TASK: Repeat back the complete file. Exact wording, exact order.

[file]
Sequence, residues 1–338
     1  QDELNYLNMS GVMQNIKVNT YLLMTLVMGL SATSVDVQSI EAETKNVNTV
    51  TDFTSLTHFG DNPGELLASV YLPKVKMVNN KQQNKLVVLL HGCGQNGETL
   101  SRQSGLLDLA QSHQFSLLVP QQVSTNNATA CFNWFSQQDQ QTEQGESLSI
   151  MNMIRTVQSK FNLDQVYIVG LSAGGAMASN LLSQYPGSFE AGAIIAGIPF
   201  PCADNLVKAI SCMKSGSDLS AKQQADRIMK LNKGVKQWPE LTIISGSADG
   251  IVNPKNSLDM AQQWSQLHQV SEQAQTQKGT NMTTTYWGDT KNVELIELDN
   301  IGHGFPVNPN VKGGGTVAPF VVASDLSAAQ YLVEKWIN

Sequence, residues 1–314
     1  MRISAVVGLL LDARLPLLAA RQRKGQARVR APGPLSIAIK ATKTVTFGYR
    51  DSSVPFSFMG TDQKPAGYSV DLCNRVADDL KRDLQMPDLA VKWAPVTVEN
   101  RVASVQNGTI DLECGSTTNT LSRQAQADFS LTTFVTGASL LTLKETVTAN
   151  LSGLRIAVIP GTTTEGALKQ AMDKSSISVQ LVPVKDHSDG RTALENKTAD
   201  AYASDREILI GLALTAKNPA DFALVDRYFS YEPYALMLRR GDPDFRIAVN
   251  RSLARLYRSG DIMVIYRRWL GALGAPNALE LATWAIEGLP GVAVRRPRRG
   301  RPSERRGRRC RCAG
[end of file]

Sequence, residues 1–338
     1  QDELNYLNMS GVMQNIKVNT YLLMTLVMGL SATSVDVQSI EAETKNVNTV
    51  TDFTSLTHFG DNPGELLASV YLPKVKMVNN KQQNKLVVLL HGCGQNGETL
   101  SRQSGLLDLA QSHQFSLLVP QQVSTNNATA CFNWFSQQDQ QTEQGESLSI
   151  MNMIRTVQSK FNLDQVYIVG LSAGGAMASN LLSQYPGSFE AGAIIAGIPF
   201  PCADNLVKAI SCMKSGSDLS AKQQADRIMK LNKGVKQWPE LTIISGSADG
   251  IVNPKNSLDM AQQWSQLHQV SEQAQTQKGT NMTTTYWGDT KNVELIELDN
   301  IGHGFPVNPN VKGGGTVAPF VVASDLSAAQ YLVEKWIN

Sequence, residues 1–314
     1  MRISAVVGLL LDARLPLLAA RQRKGQARVR APGPLSIAIK ATKTVTFGYR
    51  DSSVPFSFMG TDQKPAGYSV DLCNRVADDL KRDLQMPDLA VKWAPVTVEN
   101  RVASVQNGTI DLECGSTTNT LSRQAQADFS LTTFVTGASL LTLKETVTAN
   151  LSGLRIAVIP GTTTEGALKQ AMDKSSISVQ LVPVKDHSDG RTALENKTAD
   201  AYASDREILI GLALTAKNPA DFALVDRYFS YEPYALMLRR GDPDFRIAVN
   251  RSLARLYRSG DIMVIYRRWL GALGAPNALE LATWAIEGLP GVAVRRPRRG
   301  RPSERRGRRC RCAG